If you installed Komodo X recently and you were not one of the users who participated in the Beta release phase then when you opened Komodo you might have thought you downloaded the wrong program ([Chess any one?](https://komodochess.com/)). But you didn’t. Komodo’s User Interface (UI) and User Experience (UX) received a huge amount of attention.
Someone tweeted at us after the Komodo X release (it’s gone now 🙁 …they deleted the tweet) that *”Change for the sake of change is no good.”* This is a great great GREAT point and something all of us on the Komodo dev team believe strongly in.
The goals behind the changes were 5 fold:
- Do NOT alienate existing users
- Simpler (less cluttered) and more intuitive UI
- Uber customizable
- Universal experience across all platforms
- Easier to maintain (For us and our open source community)
Change for the sake of change is not good, but change for the sake of progress/evolution is.
Don’t Alienate, Assimilate
The above is likely the WORST section title I’ve ever come up with, but it’s kind of what we tried to do. Many aspects of the Komodo UI had become clunky with workflows that were not intuitive. We NEEDED to fix this. But we had to make sure new and existing users were happy. This isn’t easy and ultimately almost impossible. So, along with the UI updates to fix work flows and make things more clear, we added the ability to rollback most of these changes so users could see a UI that looks more like the Classic Komodo and can be enabled with the click of a checkbox (*Preferences > Appearance > Enable Classic Mode*). Most users who have tweeted at us or posted in our forums with an initial negative reaction have come around quickly (there, I did it, full circle, assimilation complete).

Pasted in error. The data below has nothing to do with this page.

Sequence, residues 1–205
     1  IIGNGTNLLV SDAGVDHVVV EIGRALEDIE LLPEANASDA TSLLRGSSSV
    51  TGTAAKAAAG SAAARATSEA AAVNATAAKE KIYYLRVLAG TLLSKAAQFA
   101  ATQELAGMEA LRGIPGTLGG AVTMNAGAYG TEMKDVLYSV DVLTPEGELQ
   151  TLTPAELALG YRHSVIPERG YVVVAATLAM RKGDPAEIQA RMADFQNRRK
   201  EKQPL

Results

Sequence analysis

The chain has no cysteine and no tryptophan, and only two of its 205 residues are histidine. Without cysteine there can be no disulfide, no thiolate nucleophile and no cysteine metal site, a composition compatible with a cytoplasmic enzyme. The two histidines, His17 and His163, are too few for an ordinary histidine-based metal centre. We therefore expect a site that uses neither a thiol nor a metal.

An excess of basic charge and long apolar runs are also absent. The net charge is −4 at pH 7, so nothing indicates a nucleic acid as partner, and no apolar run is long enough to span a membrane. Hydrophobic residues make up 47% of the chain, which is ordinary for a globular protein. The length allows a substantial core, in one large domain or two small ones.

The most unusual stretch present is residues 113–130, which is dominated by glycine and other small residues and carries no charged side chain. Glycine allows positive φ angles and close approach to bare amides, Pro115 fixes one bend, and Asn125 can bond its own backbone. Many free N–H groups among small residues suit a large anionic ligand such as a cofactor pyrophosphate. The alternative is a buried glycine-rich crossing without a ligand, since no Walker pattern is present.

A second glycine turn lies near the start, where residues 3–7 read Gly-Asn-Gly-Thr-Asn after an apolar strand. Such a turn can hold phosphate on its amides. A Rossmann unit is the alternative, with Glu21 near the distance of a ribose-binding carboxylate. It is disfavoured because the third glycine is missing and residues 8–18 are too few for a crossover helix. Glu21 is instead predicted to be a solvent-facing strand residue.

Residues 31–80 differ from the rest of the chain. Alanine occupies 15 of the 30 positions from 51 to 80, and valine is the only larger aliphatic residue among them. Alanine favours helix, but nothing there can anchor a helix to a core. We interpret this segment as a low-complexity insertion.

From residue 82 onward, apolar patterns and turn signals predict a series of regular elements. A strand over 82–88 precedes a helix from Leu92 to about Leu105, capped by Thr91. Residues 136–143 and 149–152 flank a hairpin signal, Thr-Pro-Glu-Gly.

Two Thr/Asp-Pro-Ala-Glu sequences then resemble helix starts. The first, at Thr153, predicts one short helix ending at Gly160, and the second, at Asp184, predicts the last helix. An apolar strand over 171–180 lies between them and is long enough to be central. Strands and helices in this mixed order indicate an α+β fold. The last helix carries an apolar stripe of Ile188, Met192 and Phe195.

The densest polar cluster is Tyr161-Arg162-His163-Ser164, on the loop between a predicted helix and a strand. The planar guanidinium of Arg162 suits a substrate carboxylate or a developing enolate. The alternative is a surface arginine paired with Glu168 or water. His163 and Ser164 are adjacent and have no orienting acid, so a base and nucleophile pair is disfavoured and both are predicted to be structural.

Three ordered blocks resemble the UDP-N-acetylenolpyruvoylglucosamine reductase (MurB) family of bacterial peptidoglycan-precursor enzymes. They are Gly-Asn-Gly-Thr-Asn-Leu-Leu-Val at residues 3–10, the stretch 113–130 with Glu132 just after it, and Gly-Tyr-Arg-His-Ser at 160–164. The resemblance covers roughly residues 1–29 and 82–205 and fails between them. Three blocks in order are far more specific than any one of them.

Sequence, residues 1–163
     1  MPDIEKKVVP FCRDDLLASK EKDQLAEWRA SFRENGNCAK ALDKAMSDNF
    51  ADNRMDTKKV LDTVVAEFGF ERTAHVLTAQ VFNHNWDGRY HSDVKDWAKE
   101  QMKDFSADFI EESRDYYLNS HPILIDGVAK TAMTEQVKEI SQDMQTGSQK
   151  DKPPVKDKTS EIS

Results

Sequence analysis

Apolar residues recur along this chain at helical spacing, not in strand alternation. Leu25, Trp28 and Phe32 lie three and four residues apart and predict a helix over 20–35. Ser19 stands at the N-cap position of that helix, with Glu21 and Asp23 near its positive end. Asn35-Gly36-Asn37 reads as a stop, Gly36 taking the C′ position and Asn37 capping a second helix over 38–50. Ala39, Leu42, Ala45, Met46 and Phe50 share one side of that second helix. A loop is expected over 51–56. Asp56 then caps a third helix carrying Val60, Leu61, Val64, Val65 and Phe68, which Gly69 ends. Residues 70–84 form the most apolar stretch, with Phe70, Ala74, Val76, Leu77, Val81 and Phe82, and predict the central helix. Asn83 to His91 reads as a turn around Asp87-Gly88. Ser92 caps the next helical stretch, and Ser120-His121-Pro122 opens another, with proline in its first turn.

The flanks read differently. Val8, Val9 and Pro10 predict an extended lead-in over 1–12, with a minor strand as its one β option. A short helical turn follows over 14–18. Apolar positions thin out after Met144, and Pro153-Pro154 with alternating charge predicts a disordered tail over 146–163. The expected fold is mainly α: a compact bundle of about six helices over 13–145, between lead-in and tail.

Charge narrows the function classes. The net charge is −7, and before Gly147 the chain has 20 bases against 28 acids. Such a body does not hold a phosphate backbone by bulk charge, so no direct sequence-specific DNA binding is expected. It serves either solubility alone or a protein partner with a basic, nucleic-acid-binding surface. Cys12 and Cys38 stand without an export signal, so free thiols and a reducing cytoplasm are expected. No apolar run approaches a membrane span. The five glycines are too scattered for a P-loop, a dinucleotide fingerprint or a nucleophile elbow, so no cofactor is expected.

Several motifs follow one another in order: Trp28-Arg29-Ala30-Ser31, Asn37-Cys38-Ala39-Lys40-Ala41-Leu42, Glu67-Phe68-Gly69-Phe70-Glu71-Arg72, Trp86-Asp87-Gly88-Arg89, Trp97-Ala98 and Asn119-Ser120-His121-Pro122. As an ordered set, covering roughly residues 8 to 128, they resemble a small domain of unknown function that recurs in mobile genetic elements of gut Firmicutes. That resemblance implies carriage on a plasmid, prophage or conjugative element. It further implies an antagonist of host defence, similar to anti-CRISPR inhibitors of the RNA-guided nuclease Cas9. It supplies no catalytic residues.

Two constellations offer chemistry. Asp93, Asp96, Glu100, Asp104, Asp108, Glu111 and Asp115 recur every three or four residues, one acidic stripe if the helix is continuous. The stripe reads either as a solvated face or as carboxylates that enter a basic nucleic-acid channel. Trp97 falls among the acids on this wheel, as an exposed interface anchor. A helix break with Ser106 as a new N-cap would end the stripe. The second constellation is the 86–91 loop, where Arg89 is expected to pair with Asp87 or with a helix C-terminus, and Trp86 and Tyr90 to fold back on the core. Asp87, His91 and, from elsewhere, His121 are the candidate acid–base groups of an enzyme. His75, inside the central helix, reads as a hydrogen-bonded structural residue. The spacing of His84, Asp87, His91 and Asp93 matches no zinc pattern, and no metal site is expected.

Simpler and Intuitive
By removing clutter (No more “Buttons for everything! YOU get a button and YOU get a button and YOU…”) and creating dynamic tools we’ve been able to simplify the Komodo user interface. Tools appear and update based on the context of your project (eg. Gulp integration, Version control). Only buttons that are used on a regular basis remain static in the interface. Those buttons are more logically grouped.
These are just some of the changes we’ve made to the initial interface. There is also a first start wizard that allows you to configure the most common preferences before you start working in Komodo.
The Komodo interface is now completely (literally) customizable. Actually, that statement isn’t quite right. Komodo has ALWAYS been completely customizable. Using a custom CSS file, Userscripts and custom addons, Komodo has always supported its users to customize the software to suit their needs. But now we’ve made it even easier. Using the color scheme editor you can now point and click to edit colors in the UI. You can also add your own CSS to customize the look and layout of the interface in the editor dialog under the *Interface* section in the leftmost dropdown list.
It’s worth taking a look at the new Toolbar Customization tool as well. Right click the toolbar and select *customize* and watch as the interface update as you pick and choose what you wish to see.
Komodo now has a common look across all platforms. This allowed us to remove 1000s of lines of CSS which lets us more easily maintain Komodos UI and focus more on tooling. This has also made it easier for our users to get involved in customizing their own Komodo installs.
Easier to Maintain
As mentioned above, with the changes implemented, we were able to remove 1000s of lines of CSS, simplify the markup, and create a consistent user experience across platforms. That has made our lives on the dev team much easier so we can bring better and better tools to our users.
On top of this we added a new UI SDK to our built in SDK which allows users to programmatically create and add UI elements to Komodo. We built the First Start Wizard from the new UI SDK entirely and will be using it for most UI changes moving forward.We didn’t do it just for us though. Now when our Community members feel like writing a new Userscript or cloning the Komodo Edit Repo to play with it themselves, it’s way easier to get start manipulating the UI.
Check out this video (an excerpt from our recent webinar) for more information: